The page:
Estate Planning

Estate PlanningPrenuptial/Postnuptial Agreement

Marriage is bound by love, but it is still a contract. Although prenuptial agreements have a negative connotation, they can in fact, be a positive experience as the prenuptial process gives each party an opportunity to reflect on what each expects to get out of the marriage and whether their expectations are compatible. At Amores & Shum we explain to the client what the marriage contract means in the eyes of the law, not only in a dissolution of the marriage, but also in the event of the death of one or both of the spouses. We take the client through scenarios of life and what the outcome would be without any premarital planning. After going through the prenuptial process with us, the client will enter into the marriage with open eyes and the knowledge that they are the masters of their fate.

Powers of Attorney

Most people plan for their death, but they do not plan for their life. A power of attorney is the tool that you use in case that you are unable to act for yourself. There are two types of powers of attorney. You would use a specific power of attorney if you just need someone to act on your behalf because you are not available. An example of this type of use would be if you are closing on a home, but are out of the country. This type of power of attorney expires after the date of the event or in the case that you become incapacitated. The second power of attorney is called a Durable Power of Attorney. With a Durable power of attorney, you can have the peace of mind that if due to illness or accident you become incapacitated, someone of your choosing will be able to make the decisions for you. The powers to act on your behalf can be as broad or as limited as you desire them to be. Without a durable power of attorney your loved ones may have to resort to court intervention in order to make decisions for you and the person that the court grants the power to may not be the person that you would have chosen to act on your behalf. The process of Court intervention is time consuming and more expensive than the cost of the preparation of the Durable power of attorney.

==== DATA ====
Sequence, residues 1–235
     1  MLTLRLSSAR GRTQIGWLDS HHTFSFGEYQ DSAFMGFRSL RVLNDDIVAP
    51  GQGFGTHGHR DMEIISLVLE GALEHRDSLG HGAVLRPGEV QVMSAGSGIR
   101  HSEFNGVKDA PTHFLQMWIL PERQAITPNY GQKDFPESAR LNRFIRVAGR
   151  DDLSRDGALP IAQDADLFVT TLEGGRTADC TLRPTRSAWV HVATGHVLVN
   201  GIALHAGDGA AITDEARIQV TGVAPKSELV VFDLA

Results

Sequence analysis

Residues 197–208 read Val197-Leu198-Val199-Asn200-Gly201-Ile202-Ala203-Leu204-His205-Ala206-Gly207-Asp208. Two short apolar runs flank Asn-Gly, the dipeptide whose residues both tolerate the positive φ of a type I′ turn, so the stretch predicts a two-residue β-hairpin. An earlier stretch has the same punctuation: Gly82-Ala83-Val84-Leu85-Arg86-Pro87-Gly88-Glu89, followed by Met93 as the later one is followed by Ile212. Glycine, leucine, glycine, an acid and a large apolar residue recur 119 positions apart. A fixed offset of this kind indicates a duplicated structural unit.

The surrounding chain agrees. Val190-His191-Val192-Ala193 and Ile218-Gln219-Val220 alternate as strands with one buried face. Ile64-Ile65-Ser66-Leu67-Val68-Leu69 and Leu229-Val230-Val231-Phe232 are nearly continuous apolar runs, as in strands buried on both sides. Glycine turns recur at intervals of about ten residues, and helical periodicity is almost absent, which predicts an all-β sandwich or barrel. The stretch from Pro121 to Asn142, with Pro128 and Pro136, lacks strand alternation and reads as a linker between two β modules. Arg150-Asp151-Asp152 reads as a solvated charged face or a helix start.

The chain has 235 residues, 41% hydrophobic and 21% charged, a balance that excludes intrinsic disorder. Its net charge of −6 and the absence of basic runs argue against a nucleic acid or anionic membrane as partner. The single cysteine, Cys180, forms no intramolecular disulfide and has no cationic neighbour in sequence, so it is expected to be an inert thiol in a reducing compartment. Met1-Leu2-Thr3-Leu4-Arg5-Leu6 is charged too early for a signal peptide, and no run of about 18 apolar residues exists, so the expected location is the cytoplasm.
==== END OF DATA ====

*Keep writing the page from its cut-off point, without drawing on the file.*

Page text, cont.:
A lot of people are under the misconception that if they do not leave a will, their assets will go to the state. That is untrue. All states have intestacy law that determines who will inherit the assets of a person who dies without a will. If you do not leave a will and allow the intestacy law to take effect, your assets may not go to the person or persons that you want them to go to. By preparing a will, you decide who will inherit your assets upon your death.


Although a will allows you to designate who will inherit your assets upon your death, a trust allows you to control your assets beyond your death. In the trust you can designate how your heirs are allowed to use your assets as well as who will manage the assets for your heirs. It is also an estate planning tool that may be used in life to protect assets from creditors and to avoid probate.

There are two types of trusts. Revocable and irrevocable. As the name implies, a revocable trust may be revoked (cancelled) by you during your lifetime. An irrevocable trust may not be revoked once it has been executed.

Living Will

Whether a person wishes to have his or her life prolonged by artificial means when there is no chance of recovery is a very personal decision based on the person’s life experiences and belief system. A Living Will is a written directive by the individual specifying what his or her desires are in the providing, withholding, or withdrawal of life preserving procedures. As evidenced by the nationally publicized Terri Schiavo case, the lack of a Living Will can result in an emotional and expensive legal battle in which the determination of whether the person’s life is prolonged by artificial means is ultimately left up to the court.

Health care Surrogate

Sometimes a person is unable to make health care decisions due to his or her medical condition. The designation of a health care surrogate allows an agent chosen by the person to make health care decisions on his or her behalf. The designation of the Health Care Surrogate will also allow the surrogate access to the person’s medical records that would otherwise be unavailable due to the privacy regulations under the Health Insurance Portability and Accountability Act (“HIPAA”).